We need to remember that we need to teach all of our children, all of the time, to treat everyone the way civilized people do. We need to remind ourselves every day, sometimes every moment, to do the same. Kids still learn by watching Mom and Dad and the rest of the tribe. And every day, Mom and Dad could find themselves in the middle of a pack becoming a mob, and acting and reacting the way our genes predispose us to do. Grabbing a sign or a flag, a club or a torch, a scythe or a pitchfork, and running off or running down those who aren't The People.

We. The People.


Sunday, May 27, 2018

Episode 20180527 - Not Too Terribly Special


Exhausted, all my tech is failing, including this podcast.  Oh, did I mention I'm losing my hearing and half-blind in one eye?  So, how's your year been going.  See also one of my earliest podcast episodes, "Some Old Guy Whining."

Show Theme "Hot Swing" from Kevin MacLeod of Incompetech.com.

Comments via the https://www.speakpipe.com/grizzlysgrowls

 Comment Line: 218-234-CALL   218-234-2255

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Sunday, April 29, 2018

Prince Martin Wins His Sword - the Promo!


I recently completed the Audible version of "Prince Martin Wins His Sword" for the author, Brandon Hale.  While recording this rhyming book, I noticed a particular piece of music fit the rhyme scheme perfectly.  And then I also noticed the promotional language on the book's page on Amazon also rhymed the same way.

And the rest is history... a promo was born!

Griz


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Thursday, February 1, 2018

Hiber-Nation 20180201 - Federalist # 14 - Objections to the Proposed Constitution From Extent of Territory Answered


Hello, welcome back for Federalist # 14, "Objections to the Proposed Constitution From Extent of Territory Answered."

You know, I do love reading these older works aloud for you. I like to think it adds a living energy to words to which you and I have paid far too little attention for far too long. I've mentioned that I don't read ahead very much, to keep the material fresh for me. I like suprises as much as you folks do. Much of the Federalist papers are rather calm, rather clerical, rather tame. The first part of this essay is much the same. But towards the end, there's quite a crescendo, lemme tell ya.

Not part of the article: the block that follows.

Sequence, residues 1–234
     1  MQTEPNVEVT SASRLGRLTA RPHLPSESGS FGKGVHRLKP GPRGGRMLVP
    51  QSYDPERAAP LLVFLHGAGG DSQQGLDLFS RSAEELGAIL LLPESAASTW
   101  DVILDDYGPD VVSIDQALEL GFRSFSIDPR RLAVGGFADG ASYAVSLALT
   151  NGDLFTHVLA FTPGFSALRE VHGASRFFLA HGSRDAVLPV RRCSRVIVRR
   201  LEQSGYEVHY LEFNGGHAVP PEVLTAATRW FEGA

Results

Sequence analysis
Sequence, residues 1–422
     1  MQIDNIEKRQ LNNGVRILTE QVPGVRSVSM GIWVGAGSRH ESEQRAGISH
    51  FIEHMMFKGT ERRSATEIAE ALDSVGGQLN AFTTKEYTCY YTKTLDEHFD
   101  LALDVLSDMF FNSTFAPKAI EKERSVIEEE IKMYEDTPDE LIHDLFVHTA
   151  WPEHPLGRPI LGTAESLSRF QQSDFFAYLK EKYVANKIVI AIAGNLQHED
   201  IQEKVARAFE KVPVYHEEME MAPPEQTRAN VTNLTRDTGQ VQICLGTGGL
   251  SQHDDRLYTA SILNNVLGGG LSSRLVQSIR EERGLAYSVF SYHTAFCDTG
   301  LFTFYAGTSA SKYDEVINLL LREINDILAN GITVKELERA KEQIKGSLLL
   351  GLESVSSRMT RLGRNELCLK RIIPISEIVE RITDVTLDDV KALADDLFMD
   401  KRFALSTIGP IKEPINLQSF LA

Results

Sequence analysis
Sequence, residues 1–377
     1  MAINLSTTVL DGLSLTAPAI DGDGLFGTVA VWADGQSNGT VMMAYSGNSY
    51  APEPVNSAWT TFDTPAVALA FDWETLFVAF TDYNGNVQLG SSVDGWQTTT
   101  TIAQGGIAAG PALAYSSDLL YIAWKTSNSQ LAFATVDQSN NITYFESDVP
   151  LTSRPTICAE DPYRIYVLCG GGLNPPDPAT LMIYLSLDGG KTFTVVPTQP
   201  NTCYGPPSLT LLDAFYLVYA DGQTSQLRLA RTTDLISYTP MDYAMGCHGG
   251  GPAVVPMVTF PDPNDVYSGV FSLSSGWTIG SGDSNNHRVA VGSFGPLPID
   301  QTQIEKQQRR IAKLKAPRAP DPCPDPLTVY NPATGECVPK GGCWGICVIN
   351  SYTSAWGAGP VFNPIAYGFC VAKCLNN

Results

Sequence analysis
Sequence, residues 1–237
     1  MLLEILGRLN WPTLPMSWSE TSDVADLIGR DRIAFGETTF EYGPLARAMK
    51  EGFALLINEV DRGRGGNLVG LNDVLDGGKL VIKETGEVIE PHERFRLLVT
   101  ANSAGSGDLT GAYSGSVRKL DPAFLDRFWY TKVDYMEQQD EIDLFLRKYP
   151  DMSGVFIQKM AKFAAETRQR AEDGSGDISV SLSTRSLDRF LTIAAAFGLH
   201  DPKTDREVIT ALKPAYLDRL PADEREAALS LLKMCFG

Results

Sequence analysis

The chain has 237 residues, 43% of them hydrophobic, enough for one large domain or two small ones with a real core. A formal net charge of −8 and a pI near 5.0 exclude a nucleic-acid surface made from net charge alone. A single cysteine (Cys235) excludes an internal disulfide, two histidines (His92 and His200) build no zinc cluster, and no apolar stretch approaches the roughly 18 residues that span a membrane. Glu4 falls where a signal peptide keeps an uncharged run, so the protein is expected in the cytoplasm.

This one purports to be written by James Madison, though the Alexander Hamilton Awareness Society argues that most or all were written by Hamilton. That's possible. But it seems to me the more firey essays do seem to be attributed to Madison. So it's an intriguing question. And it's nice to find an intriguing question about something written 230 years ago. Hope I do it justice.

Good day!

 

The original text from Congress.gov

Book Theme: "Prelude in C Major" from Kevin MacLeod

 Show Theme: "Canon in D" from Owen Poteat

 Comments via the https://www.speakpipe.com/grizzlysgrowls

 Comment Line: 218-234-CALL   218-234-2255

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Thursday, January 25, 2018

Hiber-Nation 20180125 - Federalist # 13 - Advantage of the Union in Respect to Economy in Government


Hello, we meet again, this time for Federalist # 13, "Advantage of the Union in Respect to Economy in Government."

Once again, the Federalist's primary argument for the Constitution is that it is the only way to preserve the Union, all the states working together. That argument is assumed throughout this essay. And once again, the Federalist gives us an answer to a question raised in our current era.

Hamilton contends that there are functions that must be carried out by the national government, whether that nation be one state, one of three or more confederacies, or a nation comprised of all the thirteen states. With that in mind, a single government would be most economical, without duplicating necessary national functions three times, or thirteen times.

Modern politicians often argue that the Federal government is too expensive and inefficient. I'd counter that people governing themselves is expensive and inefficient, and worth preserving. The alternative offered is not some better Federal government. It is a Federal government that doesn't actually perform the necessary work. When one completes half the work, or none of the work, one can sure save a lot of money. Monarchy or tyranny is relatively cheap, and can look a lot more efficient, what with the trains running on time, and all those parades of marching uniforms.